Metropolitan Opera

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(Redirected from Metropolitan Opera House)

The Metropolitan Opera is located at Lincoln Center in New York, New York. It was founded in April 1880. The first Metropolitan Opera House opened on October 22, 1883, and was located between 39th and 40th Street on Broadway. The original Metropolitan Opera House was designed by J. Cleaveland Cady and was gutted by fire on August 27, 1892. After extensive renovation it continued to be used until 1966, when the opera company moved to their present location at Lincoln Center. The original building, having failed to obtain landmark status, was razed in 1967.

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Metropolitan_opera_1937.jpg
A full house at the old Metropolitan Opera House, seen from the rear of the stage, at the Metropolitan Opera House for a concert by pianist Josef Hofmann, November 28, 1937.

The Metropolitan Opera House at Lincoln Center was designed by architect Wallace K. Harrison. The "New Met" opened on September 16, 1966, with the world premiere of Samuel Barber's Antony and Cleopatra. The building is clad in white travertine and the east facade is graced with five similar arches. On display in the lobby are two murals created for the space by Marc Chagall. The Opera House holds nearly 4,000 people on several levels. The gold Proscenium is 54' wide and 54' high. The main curtain is custom-woven gold damask and is the largest tab curtain in the world. The stage of the Metropolitan Opera House is highly mechanized. There are 7 full stage elevators, (60' wide, with double decks). There are 3 slipstages: the upstage one also contains a 60' diameter revolve (turntable). There are 103 motorized battens (linesets) for overhead lifting. There are two 100' tall fully-enveloping cycloramas. All of this stage equipment is needed because the Metropolitan performs opera in repertory, that is, alternating productions on a nightly basis. The scenery at the Metropolitan Opera is extraordinarily large and detailed.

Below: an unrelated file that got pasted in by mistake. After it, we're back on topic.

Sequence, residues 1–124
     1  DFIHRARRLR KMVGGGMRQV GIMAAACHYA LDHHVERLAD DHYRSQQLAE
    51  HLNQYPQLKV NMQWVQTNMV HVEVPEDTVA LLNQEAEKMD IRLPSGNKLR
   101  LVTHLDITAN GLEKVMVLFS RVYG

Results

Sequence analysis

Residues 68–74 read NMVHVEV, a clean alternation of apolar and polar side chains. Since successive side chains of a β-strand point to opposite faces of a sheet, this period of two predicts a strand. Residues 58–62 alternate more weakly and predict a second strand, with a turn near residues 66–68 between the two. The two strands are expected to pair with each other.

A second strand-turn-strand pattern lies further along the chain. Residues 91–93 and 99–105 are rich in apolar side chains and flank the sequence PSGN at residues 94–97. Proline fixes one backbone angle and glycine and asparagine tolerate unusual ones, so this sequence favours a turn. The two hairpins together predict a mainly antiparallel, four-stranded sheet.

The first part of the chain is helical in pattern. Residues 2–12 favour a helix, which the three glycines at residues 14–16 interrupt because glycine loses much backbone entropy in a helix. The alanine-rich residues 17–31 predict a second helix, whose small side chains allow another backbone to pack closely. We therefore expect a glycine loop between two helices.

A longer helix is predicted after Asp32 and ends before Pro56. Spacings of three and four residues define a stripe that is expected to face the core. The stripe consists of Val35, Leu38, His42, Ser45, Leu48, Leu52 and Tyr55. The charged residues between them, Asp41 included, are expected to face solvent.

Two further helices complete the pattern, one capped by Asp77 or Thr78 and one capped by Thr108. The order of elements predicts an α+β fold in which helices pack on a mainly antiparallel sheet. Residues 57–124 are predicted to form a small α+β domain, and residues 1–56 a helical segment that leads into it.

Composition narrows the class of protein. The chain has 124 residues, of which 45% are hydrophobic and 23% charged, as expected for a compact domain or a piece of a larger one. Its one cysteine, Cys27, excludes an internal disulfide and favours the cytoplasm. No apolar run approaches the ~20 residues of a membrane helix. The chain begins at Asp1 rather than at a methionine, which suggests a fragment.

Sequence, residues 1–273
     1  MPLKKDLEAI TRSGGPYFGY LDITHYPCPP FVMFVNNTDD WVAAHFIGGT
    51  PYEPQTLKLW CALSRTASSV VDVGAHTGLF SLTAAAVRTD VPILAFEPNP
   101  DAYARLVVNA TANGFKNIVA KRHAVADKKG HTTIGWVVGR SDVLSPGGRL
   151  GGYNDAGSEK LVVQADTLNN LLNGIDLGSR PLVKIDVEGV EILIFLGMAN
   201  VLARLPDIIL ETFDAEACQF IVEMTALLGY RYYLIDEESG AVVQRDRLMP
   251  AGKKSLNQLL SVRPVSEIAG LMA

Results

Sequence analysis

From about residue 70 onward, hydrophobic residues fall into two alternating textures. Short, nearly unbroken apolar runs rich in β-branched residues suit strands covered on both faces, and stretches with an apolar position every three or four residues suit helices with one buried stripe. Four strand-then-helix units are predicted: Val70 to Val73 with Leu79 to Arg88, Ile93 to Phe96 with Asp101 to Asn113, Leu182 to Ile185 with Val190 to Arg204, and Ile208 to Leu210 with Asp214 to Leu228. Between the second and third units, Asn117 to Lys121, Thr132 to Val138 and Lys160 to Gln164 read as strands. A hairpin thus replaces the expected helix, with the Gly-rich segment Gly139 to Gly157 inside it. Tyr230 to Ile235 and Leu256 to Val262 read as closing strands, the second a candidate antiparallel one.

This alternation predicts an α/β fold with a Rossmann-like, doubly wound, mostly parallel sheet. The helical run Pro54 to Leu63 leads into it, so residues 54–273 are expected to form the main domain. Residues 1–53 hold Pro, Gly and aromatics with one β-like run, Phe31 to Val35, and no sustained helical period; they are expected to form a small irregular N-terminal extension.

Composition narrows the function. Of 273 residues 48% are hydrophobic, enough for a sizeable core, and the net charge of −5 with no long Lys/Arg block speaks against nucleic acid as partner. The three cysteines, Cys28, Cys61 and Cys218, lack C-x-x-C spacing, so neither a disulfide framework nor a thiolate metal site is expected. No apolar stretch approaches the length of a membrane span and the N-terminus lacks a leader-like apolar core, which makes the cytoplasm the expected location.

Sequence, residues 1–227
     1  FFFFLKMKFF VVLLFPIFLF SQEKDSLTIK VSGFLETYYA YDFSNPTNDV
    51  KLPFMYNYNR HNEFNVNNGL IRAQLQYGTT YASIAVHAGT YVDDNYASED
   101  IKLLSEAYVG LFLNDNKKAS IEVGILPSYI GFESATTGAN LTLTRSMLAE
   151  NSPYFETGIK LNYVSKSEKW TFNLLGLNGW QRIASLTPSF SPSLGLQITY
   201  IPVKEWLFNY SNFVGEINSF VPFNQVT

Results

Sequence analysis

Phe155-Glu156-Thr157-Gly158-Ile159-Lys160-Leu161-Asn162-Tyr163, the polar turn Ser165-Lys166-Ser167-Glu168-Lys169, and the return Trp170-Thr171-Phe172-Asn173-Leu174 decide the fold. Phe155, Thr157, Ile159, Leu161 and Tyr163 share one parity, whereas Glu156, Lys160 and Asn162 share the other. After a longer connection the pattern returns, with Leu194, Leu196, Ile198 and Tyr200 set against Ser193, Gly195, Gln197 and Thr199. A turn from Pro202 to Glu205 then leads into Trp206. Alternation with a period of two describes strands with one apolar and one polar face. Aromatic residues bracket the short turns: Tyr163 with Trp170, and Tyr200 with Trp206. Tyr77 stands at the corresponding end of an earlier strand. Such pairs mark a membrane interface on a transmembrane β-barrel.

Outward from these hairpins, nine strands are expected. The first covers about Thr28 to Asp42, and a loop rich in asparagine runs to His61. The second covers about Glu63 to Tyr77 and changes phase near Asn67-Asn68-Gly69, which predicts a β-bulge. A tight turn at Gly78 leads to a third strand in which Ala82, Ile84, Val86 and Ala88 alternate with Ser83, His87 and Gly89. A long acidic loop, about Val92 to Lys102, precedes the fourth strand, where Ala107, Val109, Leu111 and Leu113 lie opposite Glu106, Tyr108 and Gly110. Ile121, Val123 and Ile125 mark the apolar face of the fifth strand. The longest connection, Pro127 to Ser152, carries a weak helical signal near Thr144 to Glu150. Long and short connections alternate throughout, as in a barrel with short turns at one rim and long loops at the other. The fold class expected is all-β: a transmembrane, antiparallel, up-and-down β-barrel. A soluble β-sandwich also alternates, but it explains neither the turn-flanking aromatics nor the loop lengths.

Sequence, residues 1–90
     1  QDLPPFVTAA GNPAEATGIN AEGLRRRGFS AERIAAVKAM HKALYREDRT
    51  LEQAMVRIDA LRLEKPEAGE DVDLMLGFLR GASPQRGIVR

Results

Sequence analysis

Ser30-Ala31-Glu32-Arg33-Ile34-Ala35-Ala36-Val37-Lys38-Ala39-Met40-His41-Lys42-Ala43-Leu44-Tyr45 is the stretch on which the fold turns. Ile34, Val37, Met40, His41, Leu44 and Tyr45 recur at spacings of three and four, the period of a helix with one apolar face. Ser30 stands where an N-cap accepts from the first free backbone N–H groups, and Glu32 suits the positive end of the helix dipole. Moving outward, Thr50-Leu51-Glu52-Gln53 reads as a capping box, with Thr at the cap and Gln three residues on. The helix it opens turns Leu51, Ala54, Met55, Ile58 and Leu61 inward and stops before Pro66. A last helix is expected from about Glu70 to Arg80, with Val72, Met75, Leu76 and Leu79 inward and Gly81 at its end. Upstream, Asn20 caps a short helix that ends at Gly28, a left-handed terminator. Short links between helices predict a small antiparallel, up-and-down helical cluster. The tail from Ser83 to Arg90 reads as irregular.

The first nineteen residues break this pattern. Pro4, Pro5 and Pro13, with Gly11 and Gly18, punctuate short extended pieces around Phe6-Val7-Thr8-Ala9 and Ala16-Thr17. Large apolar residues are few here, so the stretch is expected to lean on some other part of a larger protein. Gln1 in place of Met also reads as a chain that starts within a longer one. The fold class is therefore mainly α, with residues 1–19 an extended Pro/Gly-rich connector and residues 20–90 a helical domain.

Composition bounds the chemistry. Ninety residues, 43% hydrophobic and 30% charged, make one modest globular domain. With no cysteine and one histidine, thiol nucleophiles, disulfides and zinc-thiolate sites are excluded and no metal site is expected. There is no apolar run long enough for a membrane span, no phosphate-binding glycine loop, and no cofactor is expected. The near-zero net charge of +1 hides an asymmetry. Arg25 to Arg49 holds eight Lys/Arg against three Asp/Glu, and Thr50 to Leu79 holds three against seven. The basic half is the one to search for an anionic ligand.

The Met (as it is also called) is also known worldwide for its live radio broadcasts. The first broadcast was on December 25, 1931, a production of Engelbert Humperdinck's Hansel und Gretel. The famous Saturday afternoon broadcasts sponsored by Texaco began on December 7, 1940 with Mozart and Lorenzo da Ponte's Le nozze di Figaro. After its merger with Chevron, the combined company, ChevronTexaco ended its sponsorship in April 2004 but the Met has found financing to continue them at least through 2005. In the seven decades of broadcasting, only three announcers have been heard. Milton Cross served from the inaugural broadcast until his death in 1975. He was succeeded by Peter Allen, who retired at the end of the 2003-2004 season. Twice during Cross and Allen's tenures Lloyd Moss substituted. The new announcer for the 2004-2005 season will be Margaret Juntwait.

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